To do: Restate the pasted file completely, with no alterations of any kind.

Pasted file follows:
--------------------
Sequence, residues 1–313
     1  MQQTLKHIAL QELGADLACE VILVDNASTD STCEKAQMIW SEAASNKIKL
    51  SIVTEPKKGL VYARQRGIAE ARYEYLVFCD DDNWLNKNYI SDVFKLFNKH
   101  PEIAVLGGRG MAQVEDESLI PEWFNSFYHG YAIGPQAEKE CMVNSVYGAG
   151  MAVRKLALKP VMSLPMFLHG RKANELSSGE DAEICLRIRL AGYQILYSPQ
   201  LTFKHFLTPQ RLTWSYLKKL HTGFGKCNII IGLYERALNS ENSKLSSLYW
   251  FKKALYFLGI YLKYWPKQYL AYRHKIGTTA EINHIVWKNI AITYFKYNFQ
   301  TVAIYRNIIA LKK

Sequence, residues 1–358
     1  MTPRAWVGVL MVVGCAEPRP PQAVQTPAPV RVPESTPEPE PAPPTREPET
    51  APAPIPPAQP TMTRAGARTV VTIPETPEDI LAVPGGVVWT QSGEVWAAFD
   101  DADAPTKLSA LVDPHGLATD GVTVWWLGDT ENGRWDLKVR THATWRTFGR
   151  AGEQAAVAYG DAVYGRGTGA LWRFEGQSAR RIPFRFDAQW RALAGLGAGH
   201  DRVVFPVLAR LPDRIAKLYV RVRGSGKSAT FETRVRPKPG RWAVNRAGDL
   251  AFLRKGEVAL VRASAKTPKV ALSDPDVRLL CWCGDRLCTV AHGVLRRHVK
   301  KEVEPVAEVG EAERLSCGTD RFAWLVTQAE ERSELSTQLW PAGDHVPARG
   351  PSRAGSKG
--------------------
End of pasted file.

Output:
Sequence, residues 1–313
     1  MQQTLKHIAL QELGADLACE VILVDNASTD STCEKAQMIW SEAASNKIKL
    51  SIVTEPKKGL VYARQRGIAE ARYEYLVFCD DDNWLNKNYI SDVFKLFNKH
   101  PEIAVLGGRG MAQVEDESLI PEWFNSFYHG YAIGPQAEKE CMVNSVYGAG
   151  MAVRKLALKP VMSLPMFLHG RKANELSSGE DAEICLRIRL AGYQILYSPQ
   201  LTFKHFLTPQ RLTWSYLKKL HTGFGKCNII IGLYERALNS ENSKLSSLYW
   251  FKKALYFLGI YLKYWPKQYL AYRHKIGTTA EINHIVWKNI AITYFKYNFQ
   301  TVAIYRNIIA LKK

Sequence, residues 1–358
     1  MTPRAWVGVL MVVGCAEPRP PQAVQTPAPV RVPESTPEPE PAPPTREPET
    51  APAPIPPAQP TMTRAGARTV VTIPETPEDI LAVPGGVVWT QSGEVWAAFD
   101  DADAPTKLSA LVDPHGLATD GVTVWWLGDT ENGRWDLKVR THATWRTFGR
   151  AGEQAAVAYG DAVYGRGTGA LWRFEGQSAR RIPFRFDAQW RALAGLGAGH
   201  DRVVFPVLAR LPDRIAKLYV RVRGSGKSAT FETRVRPKPG RWAVNRAGDL
   251  AFLRKGEVAL VRASAKTPKV ALSDPDVRLL CWCGDRLCTV AHGVLRRHVK
   301  KEVEPVAEVG EAERLSCGTD RFAWLVTQAE ERSELSTQLW PAGDHVPARG
   351  PSRAGSKG